Documentary shines light on Mississauga rock legends Triumph


Published September 9, 2021 at 12:35 pm

The classic look of Triumph from the 1980s. From left, Gil Moore, Rik Emmett and Mike Levine

Mississauga-based power trio Triumph created a sensation in rock and roll with a combination of music and their pyrotechnical shows. Now fans of the band and the musical industry will see what created that magic power through a documentary.

Triumph: Rock and Roll Machine will debut at the Toronto International Film Festival on September 10 and tells the story of drummer/singer Gil Moore, bassist/keyboardist Mike Levine and guitarist/singer Rik Emmett and how they became so prevalent in Canada and the United States in the 70s and 80s.

The documentary begins with how Moore and Levine were looking for a guitarist/singer in 1973 and found Emmett and what evolved from there. The trio were interviewed collectively and individually but have not seen the finished production, only some rough cuts.

“When you watch in a long format it’s different than a single memory because it’s a collection of memories and they are all real, even though there’s three lenses into what happened,” Moore said.

“The why part for the idea is you start to realize there’s a lot of history there and it’s kind of cool to capture it. You’re thinking of your own kids and how this would be really cool for them, and then you think about the fans, and then in terms of the band’s perspective. When I talked to Mike and Rik they said it would be fun to do it, too. We had a lot of laughs doing it.”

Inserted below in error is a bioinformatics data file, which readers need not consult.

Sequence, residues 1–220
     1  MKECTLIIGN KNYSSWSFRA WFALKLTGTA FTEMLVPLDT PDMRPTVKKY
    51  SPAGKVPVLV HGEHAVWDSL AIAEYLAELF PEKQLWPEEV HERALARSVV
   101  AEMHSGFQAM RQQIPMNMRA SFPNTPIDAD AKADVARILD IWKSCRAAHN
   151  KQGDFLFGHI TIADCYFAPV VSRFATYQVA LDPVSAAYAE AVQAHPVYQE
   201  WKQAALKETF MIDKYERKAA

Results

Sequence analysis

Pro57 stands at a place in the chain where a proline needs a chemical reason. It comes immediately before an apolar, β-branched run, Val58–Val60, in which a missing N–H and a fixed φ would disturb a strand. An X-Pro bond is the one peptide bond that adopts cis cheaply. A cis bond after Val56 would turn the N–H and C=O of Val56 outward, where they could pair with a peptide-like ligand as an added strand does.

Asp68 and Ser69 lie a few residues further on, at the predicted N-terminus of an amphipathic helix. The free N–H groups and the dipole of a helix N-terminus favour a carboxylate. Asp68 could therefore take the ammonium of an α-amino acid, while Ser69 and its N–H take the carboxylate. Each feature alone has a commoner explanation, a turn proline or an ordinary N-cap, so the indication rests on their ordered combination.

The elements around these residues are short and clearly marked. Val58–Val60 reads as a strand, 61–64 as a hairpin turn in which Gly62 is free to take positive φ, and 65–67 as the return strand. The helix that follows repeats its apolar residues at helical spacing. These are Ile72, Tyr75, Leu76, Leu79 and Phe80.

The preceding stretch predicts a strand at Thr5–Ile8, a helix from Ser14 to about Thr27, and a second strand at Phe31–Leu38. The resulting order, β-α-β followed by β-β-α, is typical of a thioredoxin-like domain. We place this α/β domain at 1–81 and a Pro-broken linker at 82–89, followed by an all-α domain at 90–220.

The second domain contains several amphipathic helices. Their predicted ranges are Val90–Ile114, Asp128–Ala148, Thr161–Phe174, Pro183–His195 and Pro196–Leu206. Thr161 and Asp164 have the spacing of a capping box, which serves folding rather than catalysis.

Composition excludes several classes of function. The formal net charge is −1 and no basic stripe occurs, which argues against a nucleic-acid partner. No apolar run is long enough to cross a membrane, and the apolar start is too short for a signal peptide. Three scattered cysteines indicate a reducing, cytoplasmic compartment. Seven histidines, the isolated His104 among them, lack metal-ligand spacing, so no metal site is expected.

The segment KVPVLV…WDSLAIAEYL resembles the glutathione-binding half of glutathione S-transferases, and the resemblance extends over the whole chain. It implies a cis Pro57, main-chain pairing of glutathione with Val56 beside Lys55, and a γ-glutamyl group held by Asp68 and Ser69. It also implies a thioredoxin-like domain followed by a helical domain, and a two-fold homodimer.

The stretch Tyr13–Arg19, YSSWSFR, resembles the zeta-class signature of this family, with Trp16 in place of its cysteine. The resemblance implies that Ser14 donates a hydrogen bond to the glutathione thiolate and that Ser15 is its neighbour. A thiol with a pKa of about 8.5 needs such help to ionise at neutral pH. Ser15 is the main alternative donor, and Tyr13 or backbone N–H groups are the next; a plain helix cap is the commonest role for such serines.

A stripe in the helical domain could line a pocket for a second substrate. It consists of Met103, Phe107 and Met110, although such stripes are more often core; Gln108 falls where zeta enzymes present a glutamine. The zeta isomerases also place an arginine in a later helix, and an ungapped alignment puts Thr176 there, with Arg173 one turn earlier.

Moore said he developed the idea for a documentary six years ago and approached Ron Suter, Executive Vice-President of NBC Universal, seeking and receiving some funding. Moore subsequently approached Don Allan of Revolver Films to direct it.A concept was developed and that led to additional funding from Slaight Music, Bell Media, Rogers Media, Round Hill Music and Live Nation.

“Money wasn’t an issue; it was just a matter of getting it shot,” Moore said. “I’m grateful to all the financiers that funded it and all the people that worked on the film.”

Allan did a co-production deal with directors Sam Dunn of Toronto-based Banger Films and Marc Ricciardelli. Banger Films has done roc docs on Rush, ZZ Top, Iron Maiden, The Tragically Hip and Alice Cooper.

The documentary addresses the on-going question of why Triumph quit during its peak in 1988, 13 years after the band began, theirindividual stories afterward and how they reunited for some shows in 2008.

Emmett, who left to pursue his own musical interests, revealed in the documentary he realized he broke the hearts of his band mates with his departure. But Moore publicly indicated for the first time he was caught up in a blur at the time because of the passing of his father, whom he admits was his best friend.

“It was hard to talk about it, but the director was asking us to be forthcoming with some things that really explained what happened,” Moore said. “I’ve watched many documentaries where the person being interviewed is kind of obfuscating. Those documentaries are bad.”

The band was inducted into the Canadian Music Industry Hall of Fame in 2007, the Canadian Music Hall of Fame in 2008 and Canada’s Walk of Fame in 2019. The documentary features footage from Triumph’s Superfan Fantasy on November 16, 2019 at MetalWorks Studios, which Moore founded and ownsin Mississauga. Invitations were granted to 150 fans, and it was Burlington’s Nancy Inch, a self-described Triumph Superfan, who handpicked the invitees. Inch sent Moore a letter asking if a tour of MetalWorks could be provided for 50 fans. That led to the fan event a year later and the concert featuring the songs – When The Lights Go Down, Lay It On The Line and Magic Power – that are captured in the film. The band practiced about 10 times for their first live performance in 11 years.

“To see them playing, there’s really no words to describe it other than absolute magic,” Inch said.

The obvious question is, will Triumph reunite for a tour? Moore said the MetalWorks Production Group is pursuing technology using three-dimensional projection to do a Triumph tour employing actors in what would be like a biopic movie.









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